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Week 6.1 The Scottish Executive and the Scottish Parliament: Evidence for the centrality of committees.

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Presentation on theme: "Week 6.1 The Scottish Executive and the Scottish Parliament: Evidence for the centrality of committees."— Presentation transcript:

1 Week 6.1 The Scottish Executive and the Scottish Parliament: Evidence for the centrality of committees

2 Lecture Plan: 1.Brief discussion of the CSG proposals. 2.A comparison of the legislative processes of old (Westminster ) and new (Scottish Parliament). 3.A discussion of inputs or the formal structures/ powers of committees 4.A discussion of withinputs, or those factors – such as the role of parties, committee size, legislative load, etc. - which qualify committee power. 5.An initial discussion of outputs (inquiries, bills, amendments, etc.),. 6.Discussion powers in relation to: (a) other legislatures (b) the executive (for me the most crucial point) 7.Brief analysis of amendments process.

3 (1) The CSG Proposals on Parliamentary Business The CSG approach as a whole used Westminster as a point of departure, but aims for executive-legislative relations are not new Point 6.1 recognises the need for the Executive to govern – legislation and use of budget No new relationship, just improved role

4 Committee Power The difference is improved scrutiny based on a strong committee role: All-purpose committees with combined Standing and Select Committee functions Ability to call witnesses and oblige ministers (and civil servants) to attend Ability to hold Inquiries Ability to initiate legislation Committees as the revising Chamber? Pre-legislative monitoring role to avoid draft-Act problems (see Richardson and Jordan, 1979) But NB – no (power sharing) direct Scottish Parliament role in formulation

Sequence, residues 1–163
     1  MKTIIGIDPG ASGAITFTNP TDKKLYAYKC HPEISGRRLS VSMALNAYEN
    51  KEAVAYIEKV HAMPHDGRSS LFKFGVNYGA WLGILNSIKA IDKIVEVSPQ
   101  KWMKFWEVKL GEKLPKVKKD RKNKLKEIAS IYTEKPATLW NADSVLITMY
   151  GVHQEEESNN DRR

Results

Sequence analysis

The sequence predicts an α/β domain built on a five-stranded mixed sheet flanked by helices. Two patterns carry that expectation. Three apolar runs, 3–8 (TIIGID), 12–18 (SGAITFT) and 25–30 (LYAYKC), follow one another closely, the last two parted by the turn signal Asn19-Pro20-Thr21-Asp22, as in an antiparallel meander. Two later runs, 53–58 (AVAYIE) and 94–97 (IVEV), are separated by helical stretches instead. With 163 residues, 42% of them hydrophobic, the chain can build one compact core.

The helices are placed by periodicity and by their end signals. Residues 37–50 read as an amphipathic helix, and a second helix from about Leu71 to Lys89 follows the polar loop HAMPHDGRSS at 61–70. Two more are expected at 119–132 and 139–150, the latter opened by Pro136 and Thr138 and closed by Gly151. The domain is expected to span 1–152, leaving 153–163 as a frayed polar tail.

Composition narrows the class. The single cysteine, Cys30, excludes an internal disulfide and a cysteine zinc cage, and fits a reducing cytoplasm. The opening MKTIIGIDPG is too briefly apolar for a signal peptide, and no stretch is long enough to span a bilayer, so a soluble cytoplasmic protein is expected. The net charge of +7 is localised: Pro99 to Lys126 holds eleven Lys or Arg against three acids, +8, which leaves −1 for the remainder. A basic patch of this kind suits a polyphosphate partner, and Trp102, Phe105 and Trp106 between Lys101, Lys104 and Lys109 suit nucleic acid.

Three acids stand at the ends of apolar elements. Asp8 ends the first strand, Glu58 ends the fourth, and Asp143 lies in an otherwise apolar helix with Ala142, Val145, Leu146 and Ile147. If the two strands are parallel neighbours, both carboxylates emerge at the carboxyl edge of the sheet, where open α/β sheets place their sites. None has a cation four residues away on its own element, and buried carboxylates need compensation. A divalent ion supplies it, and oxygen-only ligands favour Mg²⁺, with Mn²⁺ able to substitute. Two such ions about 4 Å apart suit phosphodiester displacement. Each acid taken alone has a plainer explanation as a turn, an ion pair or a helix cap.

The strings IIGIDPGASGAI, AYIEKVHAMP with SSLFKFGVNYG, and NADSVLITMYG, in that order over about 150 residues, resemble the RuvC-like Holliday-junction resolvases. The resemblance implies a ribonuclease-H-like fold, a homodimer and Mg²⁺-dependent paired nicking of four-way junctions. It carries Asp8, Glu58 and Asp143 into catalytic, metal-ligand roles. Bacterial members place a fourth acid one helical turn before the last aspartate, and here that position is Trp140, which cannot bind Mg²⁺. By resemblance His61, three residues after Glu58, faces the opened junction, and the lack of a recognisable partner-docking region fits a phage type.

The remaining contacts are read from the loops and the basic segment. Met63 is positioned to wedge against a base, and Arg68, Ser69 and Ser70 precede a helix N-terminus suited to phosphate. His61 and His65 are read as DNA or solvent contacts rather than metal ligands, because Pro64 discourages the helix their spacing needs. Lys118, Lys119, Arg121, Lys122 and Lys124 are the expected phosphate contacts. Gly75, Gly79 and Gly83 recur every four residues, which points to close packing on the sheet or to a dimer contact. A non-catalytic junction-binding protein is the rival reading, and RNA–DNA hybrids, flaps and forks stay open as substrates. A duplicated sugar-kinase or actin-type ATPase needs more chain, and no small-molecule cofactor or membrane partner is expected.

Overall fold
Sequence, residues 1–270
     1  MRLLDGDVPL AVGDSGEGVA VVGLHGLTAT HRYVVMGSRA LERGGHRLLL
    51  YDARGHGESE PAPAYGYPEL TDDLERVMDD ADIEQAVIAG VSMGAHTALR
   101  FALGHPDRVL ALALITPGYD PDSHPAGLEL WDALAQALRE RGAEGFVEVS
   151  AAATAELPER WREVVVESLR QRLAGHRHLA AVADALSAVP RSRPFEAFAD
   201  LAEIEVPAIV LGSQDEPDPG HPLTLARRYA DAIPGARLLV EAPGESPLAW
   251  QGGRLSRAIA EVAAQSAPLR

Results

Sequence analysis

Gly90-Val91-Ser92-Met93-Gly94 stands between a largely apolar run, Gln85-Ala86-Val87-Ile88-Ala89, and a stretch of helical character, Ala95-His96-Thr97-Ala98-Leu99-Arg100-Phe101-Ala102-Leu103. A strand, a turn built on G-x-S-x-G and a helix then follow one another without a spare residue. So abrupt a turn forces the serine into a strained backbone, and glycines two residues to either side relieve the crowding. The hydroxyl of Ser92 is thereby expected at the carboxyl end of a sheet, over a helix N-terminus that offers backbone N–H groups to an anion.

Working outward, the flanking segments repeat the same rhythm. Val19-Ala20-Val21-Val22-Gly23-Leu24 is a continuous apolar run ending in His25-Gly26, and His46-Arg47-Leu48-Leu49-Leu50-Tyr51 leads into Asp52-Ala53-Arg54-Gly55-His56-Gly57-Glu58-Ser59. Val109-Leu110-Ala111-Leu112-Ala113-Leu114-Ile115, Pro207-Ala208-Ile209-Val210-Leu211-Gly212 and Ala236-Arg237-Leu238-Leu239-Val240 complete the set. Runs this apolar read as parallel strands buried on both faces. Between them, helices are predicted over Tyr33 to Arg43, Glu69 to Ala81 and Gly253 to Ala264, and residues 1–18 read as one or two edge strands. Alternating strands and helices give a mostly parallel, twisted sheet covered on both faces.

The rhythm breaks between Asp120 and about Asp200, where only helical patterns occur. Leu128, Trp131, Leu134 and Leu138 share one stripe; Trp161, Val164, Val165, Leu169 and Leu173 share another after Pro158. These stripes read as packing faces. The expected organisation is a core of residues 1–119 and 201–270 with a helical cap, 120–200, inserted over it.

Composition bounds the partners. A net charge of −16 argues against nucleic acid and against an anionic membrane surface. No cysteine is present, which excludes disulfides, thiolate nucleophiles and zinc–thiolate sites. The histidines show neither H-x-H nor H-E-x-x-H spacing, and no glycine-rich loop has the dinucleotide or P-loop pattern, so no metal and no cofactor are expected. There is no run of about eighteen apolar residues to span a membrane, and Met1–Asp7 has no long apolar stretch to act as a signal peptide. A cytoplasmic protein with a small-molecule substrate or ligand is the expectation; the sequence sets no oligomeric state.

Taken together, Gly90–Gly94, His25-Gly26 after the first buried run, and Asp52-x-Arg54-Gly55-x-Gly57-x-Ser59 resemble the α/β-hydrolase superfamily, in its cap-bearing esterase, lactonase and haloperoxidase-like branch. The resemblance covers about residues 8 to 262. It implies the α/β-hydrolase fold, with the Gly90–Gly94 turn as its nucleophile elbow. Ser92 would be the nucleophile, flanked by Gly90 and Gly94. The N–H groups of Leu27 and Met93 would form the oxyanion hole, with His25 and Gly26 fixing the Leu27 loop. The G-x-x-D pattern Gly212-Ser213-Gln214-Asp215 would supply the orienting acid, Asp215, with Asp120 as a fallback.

5 Comparing Legislative Processes Westminster (of old? ie NB convergence): No formal involvement at pre-legislative stage Plenary debate first Then standing committees consider amendments Committees report to House and more amendments made Third reading debate Passed to House of Lords – if amended, passed back to Commons

6 Comparing Legislative Processes Holyrood: Hands-off monitoring role at pre-legislative stage Procedure to introduce bill (PO statement, finance, policy explanation) Bill referred to committee before House Lead committee takes evidence and reports to House House considers general principles Back to committee for stage 2 consideration of amendments Stage 3 amendments (then assessed for competence)

7 Differences: Scottish Parliament Committees are charged with the scrutiny of the initial consultation process. They consider the principles of the bill before it is presented to the House. They take evidence on the nature and effects of the bill before considering general principles and before making detailed amendments. More committee experience given select committee role Non-Executive Bill process was more straightforward – 12 names and the bill goes to stage 1 Now 19 names, with restrictions on use of NEBU (NB Committee role crucial to members bill progress)

8 (3) Inputs or the capacity/ powers of Scottish Parliament committees Relatively powerful compared to functions of other West European legislatures

9 The Scottish Parliament has: (1) Permanent and specialised committees with relatively small numbers of members; (2) A proportional (by party) number of chairs selected by a committee; (3) Committee deliberation both before the initial and final plenary stages; (4) The ability to initiate and redraft bills; and, (5) The ability to invite witnesses and demand government documents. (6) Unique supervisory role

10 (4) Withinputs Party influence – voting majority most committees,, informal whip (meetings before meetings) Turnover of members (high) Resource constraints (including committee size) Legislative overload – bills and amendments

11 Effect of input/ withinput discussion 2 hypotheses on committees (Arter 2004a): EFFECTIVE 1.Small size will foster an effective collective identity and hence committee autonomy. 2.The combined roles of standing and select committees will foster policy expertise. 3.Committees will foster an agenda-setting role though inquiries which are not in the control of party managers. 4.Working practices will be consensual rather than partisan. 5.The openness of proceedings will discourage adversarialism. INEFFECTIVE 1.The committees will be too small to make scrutiny effective (especially if there are attendance problems). 2.High turnover undermines a committee ethos and the combined roles leads to overload. 3.The legislative load means that committees have no time for agenda setting through inquiry work. 4.The open process will lead to party posturing (extending to witness examination which is often ritualistic). 5.Committee specialization will also fragment the House